2. Think about questions to ask your children.

  3. What’s the worst part of being isolated for you?

  4. What scares you the most about this Covid19 pandemic?

  5. Are any of your friends worried about their parents losing their jobs?

  6. How do you think this will affect school or your activities in the fall? (The point is to find out what concerns your children the most about what they, or their friends are going through, Ask questions that require more than “yes or no” answers.)

  7. Share your own thoughts or concerns. Talk about current events. Not just the latest Covid news, but stories of sacrifice, how this is affecting missionaries, your church, or tell stories about you growing up, that are comforting or funny to lighten the conversation. The point is, you want this to be an enjoyable time together, and if this doesn’t come naturally to you, you’ll need to think about what you want your kids to leave the table having learned or experienced.  However, you will want to be careful about sharing age appropriate information. If your job has been permanently terminated, or you may not be able to afford college for your older children, you should have those conversations privately, with your older children, not around the table.  Those are not “oh, by the way… “ discussions. But, share how this may change how you work more safely when you return to work, or how it may change your industry.  Talk about what you’ve learned about yourself, or your family in this time.  What good do you see coming out of this?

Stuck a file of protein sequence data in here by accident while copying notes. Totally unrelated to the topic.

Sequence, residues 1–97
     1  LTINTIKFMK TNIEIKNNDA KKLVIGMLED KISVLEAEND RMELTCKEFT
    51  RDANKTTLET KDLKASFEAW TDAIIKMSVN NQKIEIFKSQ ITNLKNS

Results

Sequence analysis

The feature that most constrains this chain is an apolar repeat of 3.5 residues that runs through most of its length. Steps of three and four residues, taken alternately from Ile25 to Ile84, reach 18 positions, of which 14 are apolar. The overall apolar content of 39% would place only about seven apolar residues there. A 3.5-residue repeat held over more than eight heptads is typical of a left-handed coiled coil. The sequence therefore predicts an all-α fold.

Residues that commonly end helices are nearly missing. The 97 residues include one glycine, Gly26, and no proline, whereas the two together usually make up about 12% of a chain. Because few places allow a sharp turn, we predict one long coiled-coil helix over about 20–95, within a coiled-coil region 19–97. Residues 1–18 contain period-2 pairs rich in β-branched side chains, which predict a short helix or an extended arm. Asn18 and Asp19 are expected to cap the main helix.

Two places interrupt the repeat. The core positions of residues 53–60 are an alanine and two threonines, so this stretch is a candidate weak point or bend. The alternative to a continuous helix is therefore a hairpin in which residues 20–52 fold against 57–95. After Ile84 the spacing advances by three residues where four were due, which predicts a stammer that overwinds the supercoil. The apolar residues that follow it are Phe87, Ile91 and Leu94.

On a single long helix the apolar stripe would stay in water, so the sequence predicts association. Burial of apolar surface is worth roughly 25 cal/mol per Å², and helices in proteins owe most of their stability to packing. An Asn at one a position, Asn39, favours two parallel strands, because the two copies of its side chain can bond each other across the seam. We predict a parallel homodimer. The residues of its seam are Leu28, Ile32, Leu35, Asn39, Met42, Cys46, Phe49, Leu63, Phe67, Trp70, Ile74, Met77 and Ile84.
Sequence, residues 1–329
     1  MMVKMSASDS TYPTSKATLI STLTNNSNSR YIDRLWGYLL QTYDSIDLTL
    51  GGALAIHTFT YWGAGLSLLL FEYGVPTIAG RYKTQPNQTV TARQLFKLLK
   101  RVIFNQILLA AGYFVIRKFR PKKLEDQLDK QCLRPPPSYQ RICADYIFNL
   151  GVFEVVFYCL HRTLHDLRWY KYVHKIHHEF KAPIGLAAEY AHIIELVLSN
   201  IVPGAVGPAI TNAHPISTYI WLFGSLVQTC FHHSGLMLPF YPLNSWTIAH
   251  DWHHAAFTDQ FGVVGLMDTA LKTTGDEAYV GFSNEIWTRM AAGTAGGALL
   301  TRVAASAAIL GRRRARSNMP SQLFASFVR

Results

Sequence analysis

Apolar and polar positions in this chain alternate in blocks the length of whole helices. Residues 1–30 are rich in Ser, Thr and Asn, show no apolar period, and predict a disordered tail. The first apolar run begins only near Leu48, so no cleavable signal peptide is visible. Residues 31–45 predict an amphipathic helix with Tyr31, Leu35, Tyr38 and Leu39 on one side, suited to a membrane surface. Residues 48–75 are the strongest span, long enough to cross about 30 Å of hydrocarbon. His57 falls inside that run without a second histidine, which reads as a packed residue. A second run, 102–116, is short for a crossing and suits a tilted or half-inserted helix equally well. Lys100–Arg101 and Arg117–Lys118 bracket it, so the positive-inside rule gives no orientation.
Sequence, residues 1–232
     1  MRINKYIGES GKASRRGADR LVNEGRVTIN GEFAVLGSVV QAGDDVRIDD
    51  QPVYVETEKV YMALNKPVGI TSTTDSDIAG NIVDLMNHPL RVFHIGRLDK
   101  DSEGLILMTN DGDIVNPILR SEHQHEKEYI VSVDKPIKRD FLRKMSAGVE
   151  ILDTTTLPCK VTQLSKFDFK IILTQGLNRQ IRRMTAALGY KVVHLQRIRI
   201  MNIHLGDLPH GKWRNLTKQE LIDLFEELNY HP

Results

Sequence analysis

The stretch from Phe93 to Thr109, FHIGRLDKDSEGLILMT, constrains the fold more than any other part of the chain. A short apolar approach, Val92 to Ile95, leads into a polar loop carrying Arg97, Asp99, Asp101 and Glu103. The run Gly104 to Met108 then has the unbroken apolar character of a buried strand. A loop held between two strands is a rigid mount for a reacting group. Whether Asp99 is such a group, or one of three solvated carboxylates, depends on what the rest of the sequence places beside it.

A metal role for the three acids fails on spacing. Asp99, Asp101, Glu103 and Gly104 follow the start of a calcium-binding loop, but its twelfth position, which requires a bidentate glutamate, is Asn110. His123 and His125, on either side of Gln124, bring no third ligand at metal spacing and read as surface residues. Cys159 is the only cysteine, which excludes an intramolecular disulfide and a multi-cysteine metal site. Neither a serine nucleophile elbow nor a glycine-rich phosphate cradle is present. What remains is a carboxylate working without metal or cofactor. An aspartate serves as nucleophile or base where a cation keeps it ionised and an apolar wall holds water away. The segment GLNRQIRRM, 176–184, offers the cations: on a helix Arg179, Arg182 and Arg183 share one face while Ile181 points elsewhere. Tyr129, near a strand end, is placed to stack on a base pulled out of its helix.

8. Be careful what you say about national, or state leaders, or even your own boss. The Bible commands us to respect those who rule over us. Is that the message your children have been hearing?  That does not mean you cannot voice your opinions, or disagreements, but are they thoughtful, or respectful?  Your children are learning from you how to be a good citizen.

  9. Ask spiritual questions

  10. What questions would you ask God about this pandemic?